• United States



by Art Jahnke

Should Neighbors Broadcast News of Local Sex Offenders?

May 24, 20052 mins
CSO and CISOData and Information Security

In a pleasant suburban neighborhood not too far from mine, a message recently raced through e-mail inboxes like a fire through dry grass, to steal a phrase from Faulkner. The message warned that a sex offender was living nearby, and it linked to a state-run database advising residents of their right to request information about this offender from the local police. As it turned out, no requests were necessary, because the same e-mail message included a picture of the offender, as well as his name, address, height, weight, age and hair color.

Sex offenders sometimes remain dangerous after their release from prison. Ten-year-old statistics from the Justice Department indicate that sex offenders are about four times more likely than non-sex offenders to be arrested for a sex crime after their discharge. But while that comparison may sound alarming, those re-arrested for sex offenses represent only 5.3 percent of sex offendersroughly one out of 20.

So how protective, exactly, should neighbors be? With a little help from the Web, a couple of databases and an e-mail list, a single protective neighbor can digitally tar and feather just about anyone in a matter of minutes. And, generally speaking, that neighbor has the right to do that, as long as the damning report is factual.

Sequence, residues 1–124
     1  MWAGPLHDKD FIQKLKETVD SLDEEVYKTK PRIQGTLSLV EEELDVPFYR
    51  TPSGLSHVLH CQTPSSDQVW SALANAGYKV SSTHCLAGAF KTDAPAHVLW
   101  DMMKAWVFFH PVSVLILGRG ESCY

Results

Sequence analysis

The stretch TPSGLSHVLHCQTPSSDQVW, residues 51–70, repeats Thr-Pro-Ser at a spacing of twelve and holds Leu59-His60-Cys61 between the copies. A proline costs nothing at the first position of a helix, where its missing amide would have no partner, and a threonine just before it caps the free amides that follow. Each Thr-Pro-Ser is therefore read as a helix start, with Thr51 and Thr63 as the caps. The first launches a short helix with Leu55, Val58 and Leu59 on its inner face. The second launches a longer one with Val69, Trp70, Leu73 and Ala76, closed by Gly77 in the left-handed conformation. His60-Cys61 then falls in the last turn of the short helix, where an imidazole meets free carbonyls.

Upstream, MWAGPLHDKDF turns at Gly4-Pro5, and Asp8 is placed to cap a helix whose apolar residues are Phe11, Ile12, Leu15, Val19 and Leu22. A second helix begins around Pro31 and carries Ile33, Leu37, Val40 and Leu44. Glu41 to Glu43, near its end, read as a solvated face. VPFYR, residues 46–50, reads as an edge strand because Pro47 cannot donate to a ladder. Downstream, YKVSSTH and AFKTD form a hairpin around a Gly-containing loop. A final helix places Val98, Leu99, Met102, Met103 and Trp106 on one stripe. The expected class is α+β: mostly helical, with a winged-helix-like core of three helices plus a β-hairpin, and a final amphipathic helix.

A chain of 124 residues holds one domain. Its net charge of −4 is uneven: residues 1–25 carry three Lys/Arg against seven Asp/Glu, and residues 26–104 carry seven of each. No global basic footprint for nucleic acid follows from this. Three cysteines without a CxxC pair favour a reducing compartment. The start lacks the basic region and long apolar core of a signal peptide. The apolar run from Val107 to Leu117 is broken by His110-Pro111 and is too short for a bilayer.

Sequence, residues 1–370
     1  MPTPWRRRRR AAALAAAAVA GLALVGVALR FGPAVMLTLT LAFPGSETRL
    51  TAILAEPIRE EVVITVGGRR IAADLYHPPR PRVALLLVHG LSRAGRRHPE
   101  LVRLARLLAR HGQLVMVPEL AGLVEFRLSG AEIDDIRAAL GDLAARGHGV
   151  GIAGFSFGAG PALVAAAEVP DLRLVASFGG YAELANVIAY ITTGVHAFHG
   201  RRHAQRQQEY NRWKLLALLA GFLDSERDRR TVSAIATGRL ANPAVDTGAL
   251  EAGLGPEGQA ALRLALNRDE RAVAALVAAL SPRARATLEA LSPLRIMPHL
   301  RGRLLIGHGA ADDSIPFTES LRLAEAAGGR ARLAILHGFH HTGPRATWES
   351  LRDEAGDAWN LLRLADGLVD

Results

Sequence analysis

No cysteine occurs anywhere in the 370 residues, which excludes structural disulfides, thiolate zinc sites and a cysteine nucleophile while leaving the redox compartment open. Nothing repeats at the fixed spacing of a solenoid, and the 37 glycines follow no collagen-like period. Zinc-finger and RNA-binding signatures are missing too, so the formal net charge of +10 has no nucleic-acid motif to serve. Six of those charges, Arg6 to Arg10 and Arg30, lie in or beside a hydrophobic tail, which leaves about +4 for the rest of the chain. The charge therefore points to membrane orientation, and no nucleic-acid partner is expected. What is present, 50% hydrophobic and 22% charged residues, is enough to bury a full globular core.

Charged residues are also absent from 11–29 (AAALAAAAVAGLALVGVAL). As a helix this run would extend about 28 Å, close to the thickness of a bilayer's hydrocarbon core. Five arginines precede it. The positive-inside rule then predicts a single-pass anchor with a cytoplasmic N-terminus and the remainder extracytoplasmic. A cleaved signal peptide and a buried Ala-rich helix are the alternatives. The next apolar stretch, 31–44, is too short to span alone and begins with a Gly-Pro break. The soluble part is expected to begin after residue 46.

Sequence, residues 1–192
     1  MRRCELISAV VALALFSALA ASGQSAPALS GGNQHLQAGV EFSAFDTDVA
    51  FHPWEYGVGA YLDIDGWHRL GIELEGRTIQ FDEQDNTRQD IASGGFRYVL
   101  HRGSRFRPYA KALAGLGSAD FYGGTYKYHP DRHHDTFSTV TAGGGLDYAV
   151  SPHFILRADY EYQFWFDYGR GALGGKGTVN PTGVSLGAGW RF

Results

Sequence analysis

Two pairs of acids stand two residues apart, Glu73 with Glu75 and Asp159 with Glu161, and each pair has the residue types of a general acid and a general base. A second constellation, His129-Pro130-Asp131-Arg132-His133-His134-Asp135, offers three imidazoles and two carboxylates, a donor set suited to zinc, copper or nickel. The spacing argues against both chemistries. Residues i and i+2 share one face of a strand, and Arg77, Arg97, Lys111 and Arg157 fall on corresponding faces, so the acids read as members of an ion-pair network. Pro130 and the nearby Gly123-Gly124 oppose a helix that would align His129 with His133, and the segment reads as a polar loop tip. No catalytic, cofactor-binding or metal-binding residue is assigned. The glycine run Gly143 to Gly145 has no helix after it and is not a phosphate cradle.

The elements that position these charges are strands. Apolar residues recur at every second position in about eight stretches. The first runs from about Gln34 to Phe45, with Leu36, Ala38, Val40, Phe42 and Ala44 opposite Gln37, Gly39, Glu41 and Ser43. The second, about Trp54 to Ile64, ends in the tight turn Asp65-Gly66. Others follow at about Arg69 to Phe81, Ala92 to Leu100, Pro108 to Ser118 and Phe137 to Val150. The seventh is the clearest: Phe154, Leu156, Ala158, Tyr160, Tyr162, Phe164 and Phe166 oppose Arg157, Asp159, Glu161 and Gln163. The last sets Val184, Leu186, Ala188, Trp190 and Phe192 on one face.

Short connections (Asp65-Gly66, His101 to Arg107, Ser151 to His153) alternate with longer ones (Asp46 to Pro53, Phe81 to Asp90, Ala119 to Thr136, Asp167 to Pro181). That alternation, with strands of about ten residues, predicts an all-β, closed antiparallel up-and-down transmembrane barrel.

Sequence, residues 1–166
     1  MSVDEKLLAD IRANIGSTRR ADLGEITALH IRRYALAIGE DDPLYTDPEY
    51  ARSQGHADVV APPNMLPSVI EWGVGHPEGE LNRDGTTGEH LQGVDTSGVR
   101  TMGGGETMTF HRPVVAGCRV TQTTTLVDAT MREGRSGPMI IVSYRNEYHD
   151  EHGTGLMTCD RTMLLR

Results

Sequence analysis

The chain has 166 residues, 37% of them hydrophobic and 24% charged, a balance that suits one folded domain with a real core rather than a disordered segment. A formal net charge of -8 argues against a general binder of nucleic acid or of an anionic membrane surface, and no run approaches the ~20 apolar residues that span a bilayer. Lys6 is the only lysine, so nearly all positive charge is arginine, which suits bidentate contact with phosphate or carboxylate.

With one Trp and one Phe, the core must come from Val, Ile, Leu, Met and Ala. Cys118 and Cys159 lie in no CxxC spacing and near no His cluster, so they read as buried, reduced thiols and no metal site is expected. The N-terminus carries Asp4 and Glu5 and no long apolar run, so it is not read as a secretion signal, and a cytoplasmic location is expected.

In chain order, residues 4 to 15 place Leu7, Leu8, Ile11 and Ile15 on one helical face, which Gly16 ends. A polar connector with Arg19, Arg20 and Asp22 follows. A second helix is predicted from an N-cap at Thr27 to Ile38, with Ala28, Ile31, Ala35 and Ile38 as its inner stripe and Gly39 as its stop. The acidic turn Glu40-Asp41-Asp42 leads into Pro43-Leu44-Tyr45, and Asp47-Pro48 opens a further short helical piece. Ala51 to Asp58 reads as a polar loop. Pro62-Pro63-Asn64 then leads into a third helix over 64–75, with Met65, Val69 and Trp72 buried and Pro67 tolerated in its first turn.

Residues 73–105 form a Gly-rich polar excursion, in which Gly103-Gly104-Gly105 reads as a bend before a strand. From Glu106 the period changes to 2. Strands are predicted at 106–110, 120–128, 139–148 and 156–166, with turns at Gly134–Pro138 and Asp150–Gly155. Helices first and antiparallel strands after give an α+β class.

In recent weeks, weve read a lot about campaigns of digital vigilantes, some of them attacking spammers, some going after the operators of phishing schemes. Most of the news stories have portrayed the vigilantes as white-hat hackers, good guys bent on protecting the rest of us from cranks, crooks, and other dangers. Certainly, neighbors who send e-mails to long lists of neighbors warning them of the proximity of sex offenders are trying to do the right thing. But are they? Or is it too easy, these days, to spin our fears out in a vast digital web that prevents anyone from ever moving forward? What should the neighbors do? What is appropriate response to news of a local sex offender?